Public servants facing big challenges

Editorial

IT is often been said that the public service is the engineroom of any country.
When it fails to function, or stops functioning, Government plans and services grind to a halt.
The ones who suffer the most are the members of the public who expect, and deserve to be provided, efficient and effective services.
That is what matters most in any democratically-elected administration – service to the people.
So it is important that the engineroom should be working well and, equally important, driving the Government’s plans forward in an efficient manner.
It is important that the public service must be resolute in its stand and deliver the service expected.
Last weekend, heads of departments were challenged by Chief Secretary Isaac Lupari to focus on providing goods and services as outlined in the supplementary budget.
The have to identify where the leaks in the dam are and plug them. They have to identify, too, the sources of wastage and fix them.
In short, the public service needs to be efficient, lean, cost-conscious and productive.
The department heads should know what they are expected to achieve.
They know, too, that it all comes down to proper planning and organisation, taking into consideration the limited funding and resources each department has been given.
Public Service Minister Elias Kapavore emphasised the need to be prudent and smart in managing the limited funds, especially in remote areas.
Public servants over time have always been challenged to improve their efficiency and effectiveness.
That means they must learn to listen, look around with an open mind to what the people face every day, and fix their problems.
It is not easy, but to deliver services efficiently they have first to comprehend the kind of life people lead.
For example, one has to go down to the grassroots people, live with them, eat with them, sleep with them in their humble abodes to understand the hardship they experience and why they continue to cry out for these services.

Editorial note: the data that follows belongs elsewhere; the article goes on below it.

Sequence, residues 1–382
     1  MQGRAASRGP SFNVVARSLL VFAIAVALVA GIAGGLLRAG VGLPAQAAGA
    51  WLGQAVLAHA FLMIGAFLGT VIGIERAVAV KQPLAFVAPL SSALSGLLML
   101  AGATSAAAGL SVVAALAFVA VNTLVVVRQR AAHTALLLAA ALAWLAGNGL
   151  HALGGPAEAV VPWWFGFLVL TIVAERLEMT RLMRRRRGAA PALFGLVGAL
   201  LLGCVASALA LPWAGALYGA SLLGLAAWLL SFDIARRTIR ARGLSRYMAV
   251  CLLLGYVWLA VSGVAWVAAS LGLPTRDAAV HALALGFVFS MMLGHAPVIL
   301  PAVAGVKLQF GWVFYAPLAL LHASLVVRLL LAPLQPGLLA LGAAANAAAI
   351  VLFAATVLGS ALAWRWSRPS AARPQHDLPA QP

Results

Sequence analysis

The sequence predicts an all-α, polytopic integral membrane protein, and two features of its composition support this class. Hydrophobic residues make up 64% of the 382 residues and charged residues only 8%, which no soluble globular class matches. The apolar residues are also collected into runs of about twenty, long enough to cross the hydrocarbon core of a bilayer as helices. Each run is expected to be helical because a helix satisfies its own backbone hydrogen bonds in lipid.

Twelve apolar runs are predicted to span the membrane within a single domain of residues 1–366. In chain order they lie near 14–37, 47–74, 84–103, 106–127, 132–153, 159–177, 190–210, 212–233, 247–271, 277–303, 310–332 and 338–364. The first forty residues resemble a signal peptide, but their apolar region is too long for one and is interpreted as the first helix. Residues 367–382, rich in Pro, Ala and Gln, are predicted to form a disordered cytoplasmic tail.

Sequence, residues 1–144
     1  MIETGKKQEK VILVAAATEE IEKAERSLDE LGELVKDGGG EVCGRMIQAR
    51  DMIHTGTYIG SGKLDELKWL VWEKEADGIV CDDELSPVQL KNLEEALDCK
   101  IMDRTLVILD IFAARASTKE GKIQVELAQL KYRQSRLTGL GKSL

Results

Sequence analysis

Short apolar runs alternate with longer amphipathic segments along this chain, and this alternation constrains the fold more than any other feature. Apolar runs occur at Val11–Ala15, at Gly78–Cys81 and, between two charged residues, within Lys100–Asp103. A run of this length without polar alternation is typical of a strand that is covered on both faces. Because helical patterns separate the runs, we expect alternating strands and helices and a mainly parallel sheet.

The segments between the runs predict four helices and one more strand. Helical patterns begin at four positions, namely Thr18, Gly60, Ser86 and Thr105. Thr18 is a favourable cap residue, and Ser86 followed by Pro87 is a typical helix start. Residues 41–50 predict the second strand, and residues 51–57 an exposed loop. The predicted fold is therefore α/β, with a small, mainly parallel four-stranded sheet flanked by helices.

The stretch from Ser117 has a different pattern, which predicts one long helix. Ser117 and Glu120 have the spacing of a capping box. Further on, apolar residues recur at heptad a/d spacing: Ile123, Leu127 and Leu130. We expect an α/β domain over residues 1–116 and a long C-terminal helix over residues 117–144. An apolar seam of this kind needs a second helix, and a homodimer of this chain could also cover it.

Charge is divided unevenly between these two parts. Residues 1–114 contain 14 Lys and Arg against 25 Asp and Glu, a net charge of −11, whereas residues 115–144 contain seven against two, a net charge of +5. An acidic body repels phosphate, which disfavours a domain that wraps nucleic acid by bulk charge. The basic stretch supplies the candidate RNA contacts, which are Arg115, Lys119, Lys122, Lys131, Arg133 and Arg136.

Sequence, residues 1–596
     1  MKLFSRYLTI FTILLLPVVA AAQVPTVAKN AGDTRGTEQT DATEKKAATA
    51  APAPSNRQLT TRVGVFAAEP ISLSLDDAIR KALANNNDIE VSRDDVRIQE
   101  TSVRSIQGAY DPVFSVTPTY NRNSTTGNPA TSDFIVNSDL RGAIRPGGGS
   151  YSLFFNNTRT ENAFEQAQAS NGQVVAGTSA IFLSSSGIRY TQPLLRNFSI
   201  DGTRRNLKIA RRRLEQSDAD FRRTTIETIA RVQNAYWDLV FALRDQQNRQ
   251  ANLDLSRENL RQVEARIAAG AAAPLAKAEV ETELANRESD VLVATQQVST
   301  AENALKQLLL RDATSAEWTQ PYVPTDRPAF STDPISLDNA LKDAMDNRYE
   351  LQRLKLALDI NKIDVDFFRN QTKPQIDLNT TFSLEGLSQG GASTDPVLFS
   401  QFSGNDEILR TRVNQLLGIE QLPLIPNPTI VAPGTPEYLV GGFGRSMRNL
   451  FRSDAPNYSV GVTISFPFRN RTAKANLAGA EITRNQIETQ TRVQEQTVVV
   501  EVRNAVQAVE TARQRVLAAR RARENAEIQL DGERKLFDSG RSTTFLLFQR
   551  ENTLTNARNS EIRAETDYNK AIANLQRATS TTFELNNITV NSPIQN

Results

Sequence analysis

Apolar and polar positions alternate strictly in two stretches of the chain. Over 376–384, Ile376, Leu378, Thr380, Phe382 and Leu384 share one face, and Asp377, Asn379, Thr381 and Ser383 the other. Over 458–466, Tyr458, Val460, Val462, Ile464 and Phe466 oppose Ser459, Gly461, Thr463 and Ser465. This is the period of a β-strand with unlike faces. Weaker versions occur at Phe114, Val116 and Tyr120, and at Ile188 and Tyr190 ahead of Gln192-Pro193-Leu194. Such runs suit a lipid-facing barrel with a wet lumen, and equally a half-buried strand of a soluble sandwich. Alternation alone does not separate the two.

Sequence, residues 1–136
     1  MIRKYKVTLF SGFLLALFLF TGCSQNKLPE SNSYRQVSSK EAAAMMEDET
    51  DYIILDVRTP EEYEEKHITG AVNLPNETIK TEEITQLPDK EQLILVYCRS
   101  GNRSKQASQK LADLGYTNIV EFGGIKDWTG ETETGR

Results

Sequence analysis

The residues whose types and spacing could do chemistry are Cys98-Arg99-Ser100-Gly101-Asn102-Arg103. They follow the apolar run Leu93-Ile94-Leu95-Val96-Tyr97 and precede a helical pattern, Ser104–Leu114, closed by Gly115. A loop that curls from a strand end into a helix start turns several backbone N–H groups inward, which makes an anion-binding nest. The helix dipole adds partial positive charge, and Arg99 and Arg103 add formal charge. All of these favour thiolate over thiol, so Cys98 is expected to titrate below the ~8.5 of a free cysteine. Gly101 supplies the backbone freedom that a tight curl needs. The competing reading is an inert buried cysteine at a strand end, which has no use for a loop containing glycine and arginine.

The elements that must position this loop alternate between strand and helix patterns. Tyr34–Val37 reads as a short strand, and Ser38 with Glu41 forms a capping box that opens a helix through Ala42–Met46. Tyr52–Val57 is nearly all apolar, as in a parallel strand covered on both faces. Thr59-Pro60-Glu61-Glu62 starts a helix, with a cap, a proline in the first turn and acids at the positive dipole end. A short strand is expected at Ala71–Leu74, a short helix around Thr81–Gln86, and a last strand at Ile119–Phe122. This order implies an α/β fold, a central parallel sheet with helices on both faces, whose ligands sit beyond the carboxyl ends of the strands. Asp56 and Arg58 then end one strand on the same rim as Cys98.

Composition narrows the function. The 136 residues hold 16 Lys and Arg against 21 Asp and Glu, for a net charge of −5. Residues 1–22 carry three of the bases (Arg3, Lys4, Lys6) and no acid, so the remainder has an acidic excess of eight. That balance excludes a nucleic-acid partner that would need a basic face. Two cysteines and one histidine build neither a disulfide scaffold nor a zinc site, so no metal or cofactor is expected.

Areas that need improvement are punctuality and productivity. At least two ministers recently reminded staff in their departments to exercise discipline, be more productive and to treat their work seriously.
The PNG habit of getting things done slowly and in a leisurely manner must stop. The old bad habits of arriving after 8am, the frequent absenteeism, taking unnecessary breaks, using positions and influences for personal gain have to come to an end.
Work ethics refer to a basic set of moral values associated with the way work is done whatever its nature or status.
Honesty, responsibility, discipline and diligence are values we inculcate in children from an early stage linking these up with performance in school and early childhood tasks.
In adult life, these values should translate into hard work, efficiency, discipline and integrity at the workplace.
While talking about the general trend of poor work ethics, we must not lose sight of the fact that there will always be segment of the workforce that displays a good sense of work ethics.
They do not just believe in but also demonstrate their honesty, integrity and accountability at the workplace.  Hardworking and committed, these people contribute to the country’s progress to the best of their ability.
What we need is for a critical mass to be turned into an expanded labour force with strong work ethics.
One thing though, they also have their own challenges in performing their duties.
We like to believe that the public service had evolved over the past 41 years after facing challenges mostly political in nature and make-up.
Thankfully it is slowly moving away from the old ways of doing things, using traditions and old practices as the excuses for laxity and lethargy in the public service.
The challenge is now on every public servant, especially those delivering on the frontline, to move away some more from the bad habits and continue to develop a new culture of service delivery.

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